Gardener’s To-Do List: June Edition

A zone-by-zone checklist for the beginning of summer.

Organic Gardening June 1, 2014
Marigold close up
PHOTOGRAPH BY RONOSTER/GETTY

If you don’t know what USDA Plant Hardiness Zone you live in, check the map here to find out. We've left off Zones 1–2 (far-north Alaska) and Zones 11–13 (small section of the Florida Keys, the Pacific coast between L.A. and Mexico, and Hawaii) since Zones 3–10 cover 99 percent or more of the gardeners in the U.S.

Zone 3

  • Harden off, and then set out transplants of melons, tomatoes, peppers, cucumbers, eggplant, and squash.
  • For a continuous crop of lettuce, radishes, and spinach, sow more seeds midmonth.
  • Fertilize and water any potted vegetables regularly.
  • Enjoy asparagus right in the garden—even uncooked, it’s delicious.
  • Plant tender fuchsias, begonias, dahlias, and asters.
     

PHOTOGRAPH BY ISHIKAWA KEN/FLICKR

 
 

Zone 4

  • Early in the month, finish setting out transplants of vegetables and flowers.
  • Plant seeds of warm-weather crops, such as melons and squash.
  • Sow more lettuce so you can keep harvesting leaves, even after the first crop goes to seed.
  • Near month's end, plant cilantro to put in the salsa you'll make later.
  • Stake or cage tomatoes and other veggies and flowers that tend to sprawl.
  • Plant asters and pansies for fall bloom.
  • Spray Bacillis thuringiensis (BT) on brassicas as soon as you spot cabbage moths.
  • Mulch beds as soon as the soil warms up.
     

PHOTOGRAPH BY CHRISTA NEU

 

Zone 5

  • Stake dahlias and gladiolas when you plant them to keep from damaging their roots later in the season.
  • Pinch back foliage ends of mums, a 12 inch every 2 weeks.
  • Fertilize roses now: To supply potassium, whiz banana peels in a blender, then plop the stuff beneath the mulch around your roses.
  • Harvest daily from asparagus plants in patches at least 3 years old.
  • For autumn harvest, plant bush beans, Brussels sprouts, and late cabbage.
  • Spray tomato plants with compost tea (made by steeping an old pillowcase filled with compost in a bucket of water) to prevent diseases.
     

PHOTOGRAPH BY MR DUNK/FLICKR

 

Zone 6

  • Place supports for lanky perennials.
  • Pinch back chrysanthemums to keep them bushy—a 12 inch from the growing tips, every 2 weeks until the middle of next month.
  • Prune spring-flowering shrubs after they’ve finished blooming.
  • Cage tomatoes, peppers, and eggplant.
  • Replace finished lettuce with okra or a late crop of summer squash.
  • Plant a few more runs of corn, beans, and cucumbers.
  • Plant sweet potato slips early in the month.
  • Inventory seeds for the fall garden.
     

PHOTOGRAPH BY EUNICE/FLICKR

 

Zone 7

  • Plant pole, lima, and bush beans; winter squash; and luffa gourds.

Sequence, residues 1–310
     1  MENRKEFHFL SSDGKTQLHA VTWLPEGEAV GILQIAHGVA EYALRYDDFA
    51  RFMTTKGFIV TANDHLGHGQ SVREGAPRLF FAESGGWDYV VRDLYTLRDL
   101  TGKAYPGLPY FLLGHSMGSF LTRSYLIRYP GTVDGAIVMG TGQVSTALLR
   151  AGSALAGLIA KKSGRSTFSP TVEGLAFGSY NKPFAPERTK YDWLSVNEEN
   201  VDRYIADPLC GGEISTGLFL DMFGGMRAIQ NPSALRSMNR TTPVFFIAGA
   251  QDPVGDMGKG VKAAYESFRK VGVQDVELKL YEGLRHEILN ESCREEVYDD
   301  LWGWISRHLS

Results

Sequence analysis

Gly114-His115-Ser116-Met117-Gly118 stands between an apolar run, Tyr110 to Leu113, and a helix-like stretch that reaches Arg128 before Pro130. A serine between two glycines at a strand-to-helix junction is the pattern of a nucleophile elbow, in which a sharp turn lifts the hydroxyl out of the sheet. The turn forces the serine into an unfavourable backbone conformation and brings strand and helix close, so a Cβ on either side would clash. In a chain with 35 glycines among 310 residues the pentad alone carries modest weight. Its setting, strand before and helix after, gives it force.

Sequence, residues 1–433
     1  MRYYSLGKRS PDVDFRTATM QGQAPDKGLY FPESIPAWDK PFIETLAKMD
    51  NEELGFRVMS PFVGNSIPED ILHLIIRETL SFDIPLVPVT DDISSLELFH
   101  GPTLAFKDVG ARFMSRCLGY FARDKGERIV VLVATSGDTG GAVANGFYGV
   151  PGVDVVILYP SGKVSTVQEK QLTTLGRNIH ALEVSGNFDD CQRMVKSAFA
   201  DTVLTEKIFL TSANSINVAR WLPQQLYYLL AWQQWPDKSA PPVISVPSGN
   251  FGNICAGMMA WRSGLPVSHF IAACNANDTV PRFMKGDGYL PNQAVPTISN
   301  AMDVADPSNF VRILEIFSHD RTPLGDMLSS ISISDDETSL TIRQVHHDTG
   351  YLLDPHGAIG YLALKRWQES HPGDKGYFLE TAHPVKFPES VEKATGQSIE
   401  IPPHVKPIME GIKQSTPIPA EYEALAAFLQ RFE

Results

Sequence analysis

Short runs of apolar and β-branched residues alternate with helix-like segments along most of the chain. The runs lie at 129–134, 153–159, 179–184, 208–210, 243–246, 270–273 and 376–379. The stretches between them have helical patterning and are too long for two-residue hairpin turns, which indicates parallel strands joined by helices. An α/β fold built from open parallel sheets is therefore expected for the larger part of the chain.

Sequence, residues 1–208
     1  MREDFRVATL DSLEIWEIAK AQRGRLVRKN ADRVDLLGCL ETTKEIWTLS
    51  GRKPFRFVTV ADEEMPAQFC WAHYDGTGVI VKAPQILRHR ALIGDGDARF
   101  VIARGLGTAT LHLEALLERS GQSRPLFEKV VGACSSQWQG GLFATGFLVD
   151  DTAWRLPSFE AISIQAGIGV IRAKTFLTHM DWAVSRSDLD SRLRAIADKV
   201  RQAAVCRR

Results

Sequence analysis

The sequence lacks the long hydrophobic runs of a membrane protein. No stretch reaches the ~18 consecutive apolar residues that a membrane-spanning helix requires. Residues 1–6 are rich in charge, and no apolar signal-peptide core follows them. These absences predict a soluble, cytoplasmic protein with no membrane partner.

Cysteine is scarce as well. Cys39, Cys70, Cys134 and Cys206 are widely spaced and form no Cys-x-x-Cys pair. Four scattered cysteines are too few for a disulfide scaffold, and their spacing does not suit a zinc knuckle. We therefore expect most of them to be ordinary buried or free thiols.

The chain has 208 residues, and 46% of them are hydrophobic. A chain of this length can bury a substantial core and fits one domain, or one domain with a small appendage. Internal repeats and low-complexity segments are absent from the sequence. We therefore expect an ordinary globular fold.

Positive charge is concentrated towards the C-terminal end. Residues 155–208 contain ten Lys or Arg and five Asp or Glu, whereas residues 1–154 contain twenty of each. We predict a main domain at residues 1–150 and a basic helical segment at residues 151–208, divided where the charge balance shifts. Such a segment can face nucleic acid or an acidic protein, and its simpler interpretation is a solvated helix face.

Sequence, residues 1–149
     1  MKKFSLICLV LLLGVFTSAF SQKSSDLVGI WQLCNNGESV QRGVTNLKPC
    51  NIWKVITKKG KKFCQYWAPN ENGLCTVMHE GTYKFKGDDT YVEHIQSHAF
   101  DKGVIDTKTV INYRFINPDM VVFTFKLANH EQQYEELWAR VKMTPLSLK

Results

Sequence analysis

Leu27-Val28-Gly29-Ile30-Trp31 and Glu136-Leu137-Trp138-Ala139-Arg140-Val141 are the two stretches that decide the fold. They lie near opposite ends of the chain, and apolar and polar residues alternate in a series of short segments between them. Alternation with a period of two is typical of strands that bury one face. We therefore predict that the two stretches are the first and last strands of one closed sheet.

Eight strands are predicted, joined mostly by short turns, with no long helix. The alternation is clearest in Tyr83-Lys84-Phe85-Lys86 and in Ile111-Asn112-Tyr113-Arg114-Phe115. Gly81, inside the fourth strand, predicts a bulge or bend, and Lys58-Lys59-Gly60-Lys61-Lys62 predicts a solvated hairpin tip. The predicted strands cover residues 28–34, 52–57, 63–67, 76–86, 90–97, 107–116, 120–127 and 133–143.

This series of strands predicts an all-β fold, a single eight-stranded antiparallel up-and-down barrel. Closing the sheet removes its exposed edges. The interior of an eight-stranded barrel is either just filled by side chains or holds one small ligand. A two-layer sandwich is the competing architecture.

• Start seeds for fall crops of eggplants, peppers, and tomatoes to set out in July.
  • Cut and dry thyme, oregano, and mint.
  • Replace bolted lettuce with corn, malabar spinach (Basella alba), winged beans (Psophocarpus tertragonolobus), and southern peas.
  • Trap slugs with containers of fresh beer.
  • Mulch to reduce weeds and watering later.
     

PHOTOGRAPH BY SCOTT ZONA/FLICKR

 

Zone 8

  • Plant mums, balsam, cockscomb, wax begonias, salvia, dusty miller, blanket flower (Gaillardia spp.), geraniums, marigolds, verbena, and vinca (Catharanthus roseus).
  • Plant bulbs or tubers of irises, cannas, water lilies, dahlias, and daylilies.
  • Replenish mulches around plants to keep weeds down and conserve moisture.
  • Plant a cover crop in vacant beds.
  • Plant mustard and turnips for harvesting tender baby leaves.
  • Work compost into beds, then plant fall crops of peppers and eggplant.
  • Direct-seed collards and tomatoes for fall harvest.
  • Continue planting cantaloupes, corn, cucumbers, okra, peanuts, southern peas, summer squash, sweet potatoes, and bush beans.
  • Thin fruit trees early in the month; mulch root area with a thin layer of compost, topped with 3 inches of organic mulch.
     

PHOTOGRAPH BY RODALE

 

Zone 9

  • Look for slow-moving bugs in the cool of the morning; hand-pick them, then dust below the plants with Diatomaceous earth (a white powder made from the fossilized remains of diatoms, one-celled algae that have a skeleton made of silicon). Be sure to use a dust mask so you don't inhale the dust.
  • Last chance to plant sweet potato slips and peanuts this season.
  • Continue planting sweet corn in small blocks, every 2 weeks for continuous harvest through fall.
  • Start more zinnias, marigolds, and sunflowers to replenish tired flowers in late summer.
  • Water plants in the morning so they don't become susceptible to fungus and insect infestation.
  • Plant more heat-tolerant veggies: Replace spinach with Swiss chard and potatoes with taro (Colocasia esculenta).
     

PHOTOGRAPH BY RODALE

 

Zone 10

  • Feed fast-growing bananas and summer-flowering perennials, such as hibiscus and ixora, with compost to prepare them for upcoming bloom.
  • Clean up debris beneath mangoes to prevent anthracnose (fungal) disease; for bad infections, spray with copper solution.
  • Prune cassia trees, royal poinciana, bougainvillea, and jasmine after they bloom.
  • Prune tropical fruits after the harvest this month.
  • Kill pests and disease in vacant beds by covering moist soil with clear plastic for several weeks.
     

PHOTOGRAPH BY CHRISTA NEU

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